Fox applied quality resources to My Cousin Rachel, loading it with ominous gothic qualities. Joseph LaShelle's camerawork keeps the Ashley mansion, a regulation stone monument atop a sea cliff, shrouded in mysterious shadows. If the movie is being presented through Philip's warped point of view (as suggested by Twilight Time's essayist Julie Kirgo) then the images are doing their job, along with the surging music of Franz Waxman. Henry Koster's fine contribution as director works heavily against the principles of auteurship in the movies. Koster, Robert Stevenson and Joseph L. Mankiewicz made Fox's most lush B&W gothics (Jane Eyre, Dragonwyck, The Ghost and Mrs. Muir), all visually "impersonal" yet excellent jobs of direction. The linking factor must be the Fox house style.
Richard Burton of course made a huge impression in this his first American movie. He does extremely well considering how tiresome a fool is Philip Ashley. Olivia de Havilland has the key role, which plays beautifully off her established persona of Melanie in GWTW; whenever Rachel's motives are in question, we feel almost rude for doubting her sincerity. We also think of Ms. de Havilland's previous "love or money" dramatic ordeal, The Heiress.
As an adaptation problem My Cousin Rachel is very much like The Innocents, with Richard Burton a neurotic to match Deborah Kerr's sexual hysteric. In Philip Ashley's case we're even given a causal childhood trauma, the sight of a hanged man at the crossroads. A crossroads is where one must make a decision which way to turn, and Philip Ashley is incapable of making a firm decision.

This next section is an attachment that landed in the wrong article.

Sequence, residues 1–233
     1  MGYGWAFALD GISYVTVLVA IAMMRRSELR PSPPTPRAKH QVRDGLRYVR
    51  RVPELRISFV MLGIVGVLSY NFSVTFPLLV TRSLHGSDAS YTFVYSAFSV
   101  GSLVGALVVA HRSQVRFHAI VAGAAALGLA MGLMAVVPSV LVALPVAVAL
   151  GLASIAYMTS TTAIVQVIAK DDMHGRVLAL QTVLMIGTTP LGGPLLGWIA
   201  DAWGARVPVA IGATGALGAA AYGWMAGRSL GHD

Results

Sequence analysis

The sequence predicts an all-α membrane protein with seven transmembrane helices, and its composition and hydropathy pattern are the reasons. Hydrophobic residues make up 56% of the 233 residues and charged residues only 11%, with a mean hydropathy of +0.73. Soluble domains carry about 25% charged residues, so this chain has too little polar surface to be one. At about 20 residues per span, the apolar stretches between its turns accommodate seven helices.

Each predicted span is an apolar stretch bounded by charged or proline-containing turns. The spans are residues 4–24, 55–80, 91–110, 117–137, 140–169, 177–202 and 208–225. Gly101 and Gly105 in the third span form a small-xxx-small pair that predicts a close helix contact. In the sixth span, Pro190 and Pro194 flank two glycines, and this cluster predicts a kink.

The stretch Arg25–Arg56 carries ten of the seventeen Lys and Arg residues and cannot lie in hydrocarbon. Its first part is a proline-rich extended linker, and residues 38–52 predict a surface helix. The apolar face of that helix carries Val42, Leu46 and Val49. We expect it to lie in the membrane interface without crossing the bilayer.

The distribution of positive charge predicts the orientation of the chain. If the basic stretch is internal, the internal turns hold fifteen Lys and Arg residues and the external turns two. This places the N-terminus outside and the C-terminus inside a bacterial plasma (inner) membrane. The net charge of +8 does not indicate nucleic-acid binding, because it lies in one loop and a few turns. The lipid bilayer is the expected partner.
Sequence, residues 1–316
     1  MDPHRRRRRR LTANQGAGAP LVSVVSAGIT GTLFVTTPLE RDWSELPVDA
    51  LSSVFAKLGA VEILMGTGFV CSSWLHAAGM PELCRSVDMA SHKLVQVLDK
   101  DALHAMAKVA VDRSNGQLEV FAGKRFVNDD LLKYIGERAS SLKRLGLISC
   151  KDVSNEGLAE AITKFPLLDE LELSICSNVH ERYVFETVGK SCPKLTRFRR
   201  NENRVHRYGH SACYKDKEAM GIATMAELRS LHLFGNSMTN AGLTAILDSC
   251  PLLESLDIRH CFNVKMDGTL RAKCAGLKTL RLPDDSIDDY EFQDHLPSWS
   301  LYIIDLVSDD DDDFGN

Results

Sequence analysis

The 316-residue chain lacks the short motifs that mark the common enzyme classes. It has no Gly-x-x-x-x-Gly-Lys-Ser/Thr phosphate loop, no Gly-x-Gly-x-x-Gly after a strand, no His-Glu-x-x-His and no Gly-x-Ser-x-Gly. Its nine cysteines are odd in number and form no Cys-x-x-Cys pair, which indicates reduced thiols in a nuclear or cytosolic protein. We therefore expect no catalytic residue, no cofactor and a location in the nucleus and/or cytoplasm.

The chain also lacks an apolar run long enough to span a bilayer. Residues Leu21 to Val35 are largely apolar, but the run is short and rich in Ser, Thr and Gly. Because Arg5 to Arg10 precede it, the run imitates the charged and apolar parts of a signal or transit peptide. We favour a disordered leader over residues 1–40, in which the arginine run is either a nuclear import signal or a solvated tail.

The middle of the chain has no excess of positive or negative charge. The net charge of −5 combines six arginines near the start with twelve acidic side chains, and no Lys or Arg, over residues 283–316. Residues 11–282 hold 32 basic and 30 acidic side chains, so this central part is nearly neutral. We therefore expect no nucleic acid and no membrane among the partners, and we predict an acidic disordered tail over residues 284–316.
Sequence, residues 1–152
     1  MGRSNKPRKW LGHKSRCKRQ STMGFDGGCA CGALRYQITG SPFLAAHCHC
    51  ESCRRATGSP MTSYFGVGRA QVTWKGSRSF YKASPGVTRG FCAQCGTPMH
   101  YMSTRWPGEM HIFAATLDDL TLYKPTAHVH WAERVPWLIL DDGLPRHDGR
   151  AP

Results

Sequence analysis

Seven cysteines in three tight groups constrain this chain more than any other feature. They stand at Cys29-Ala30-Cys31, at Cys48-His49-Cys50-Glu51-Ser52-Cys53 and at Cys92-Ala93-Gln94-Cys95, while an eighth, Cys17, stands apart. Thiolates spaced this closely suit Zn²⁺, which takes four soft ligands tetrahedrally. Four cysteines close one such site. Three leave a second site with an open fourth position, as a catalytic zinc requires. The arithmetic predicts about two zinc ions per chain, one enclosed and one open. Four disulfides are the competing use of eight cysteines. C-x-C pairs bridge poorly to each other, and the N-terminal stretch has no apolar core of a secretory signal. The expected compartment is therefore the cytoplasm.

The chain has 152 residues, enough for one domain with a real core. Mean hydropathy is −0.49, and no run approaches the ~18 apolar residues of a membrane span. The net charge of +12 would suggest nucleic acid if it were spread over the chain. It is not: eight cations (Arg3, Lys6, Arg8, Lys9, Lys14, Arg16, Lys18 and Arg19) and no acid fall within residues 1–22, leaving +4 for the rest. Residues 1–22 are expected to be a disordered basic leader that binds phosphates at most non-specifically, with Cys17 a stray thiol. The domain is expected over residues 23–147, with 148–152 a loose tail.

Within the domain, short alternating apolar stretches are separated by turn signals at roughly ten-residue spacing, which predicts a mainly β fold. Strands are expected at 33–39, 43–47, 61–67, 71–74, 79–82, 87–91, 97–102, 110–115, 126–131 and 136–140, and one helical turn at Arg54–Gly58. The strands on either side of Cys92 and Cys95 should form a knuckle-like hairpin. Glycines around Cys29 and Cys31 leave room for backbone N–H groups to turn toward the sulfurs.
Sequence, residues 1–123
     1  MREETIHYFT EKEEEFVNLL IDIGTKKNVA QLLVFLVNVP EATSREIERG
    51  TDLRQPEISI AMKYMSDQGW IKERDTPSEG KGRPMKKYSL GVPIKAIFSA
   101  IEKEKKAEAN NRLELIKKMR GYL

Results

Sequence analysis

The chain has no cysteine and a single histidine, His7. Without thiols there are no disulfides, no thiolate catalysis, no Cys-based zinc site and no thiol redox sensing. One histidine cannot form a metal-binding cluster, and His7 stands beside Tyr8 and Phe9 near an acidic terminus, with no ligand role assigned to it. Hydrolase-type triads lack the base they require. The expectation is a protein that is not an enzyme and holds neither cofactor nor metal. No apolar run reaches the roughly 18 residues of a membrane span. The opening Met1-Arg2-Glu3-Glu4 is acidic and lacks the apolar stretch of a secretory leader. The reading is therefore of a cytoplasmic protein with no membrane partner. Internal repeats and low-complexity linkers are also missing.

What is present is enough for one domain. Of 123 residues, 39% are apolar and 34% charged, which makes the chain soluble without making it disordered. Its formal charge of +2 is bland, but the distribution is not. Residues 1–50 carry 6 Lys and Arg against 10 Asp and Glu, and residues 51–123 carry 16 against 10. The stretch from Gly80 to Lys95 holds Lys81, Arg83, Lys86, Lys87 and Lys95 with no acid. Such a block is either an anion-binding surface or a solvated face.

Twilight Time's DVD of My Cousin Rachel is a good transfer of this polished B&W production -- if you saw the trailer on an earlier disc, ignore its quality. The audio is strong and flawless save for a couple of pops that might have been cleaned off the track. Twilight Time includes the trailer as well as the expected Isolated Score track that makes their releases of special interest to soundtrack collectors and Hollywood composer buffs.
I know this will date the review, but word on the street is that Twilight Time's disc for January 2012 will be the terrific, criminally overlooked CinemaScope production The Roots of Heaven, from 1958, I think. The uncompromising story of an eco-criminal's attempts to save African elephants from poachers, the Darryl Zanuck production is a personal favorite.
On a scale of Excellent, Good, Fair, and Poor,
My Cousin Rachel rates:
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T'was Ever Thus.